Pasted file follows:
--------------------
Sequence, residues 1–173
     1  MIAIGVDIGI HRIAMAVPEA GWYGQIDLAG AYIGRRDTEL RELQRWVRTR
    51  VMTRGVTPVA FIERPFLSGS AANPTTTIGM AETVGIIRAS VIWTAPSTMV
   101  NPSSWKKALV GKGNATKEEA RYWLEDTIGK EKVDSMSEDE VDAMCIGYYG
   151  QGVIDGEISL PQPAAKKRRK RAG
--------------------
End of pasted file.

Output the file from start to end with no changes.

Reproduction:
Sequence, residues 1–173
     1  MIAIGVDIGI HRIAMAVPEA GWYGQIDLAG AYIGRRDTEL RELQRWVRTR
    51  VMTRGVTPVA FIERPFLSGS AANPTTTIGM AETVGIIRAS VIWTAPSTMV
   101  NPSSWKKALV GKGNATKEEA RYWLEDTIGK EKVDSMSEDE VDAMCIGYYG
   151  QGVIDGEISL PQPAAKKRRK RAG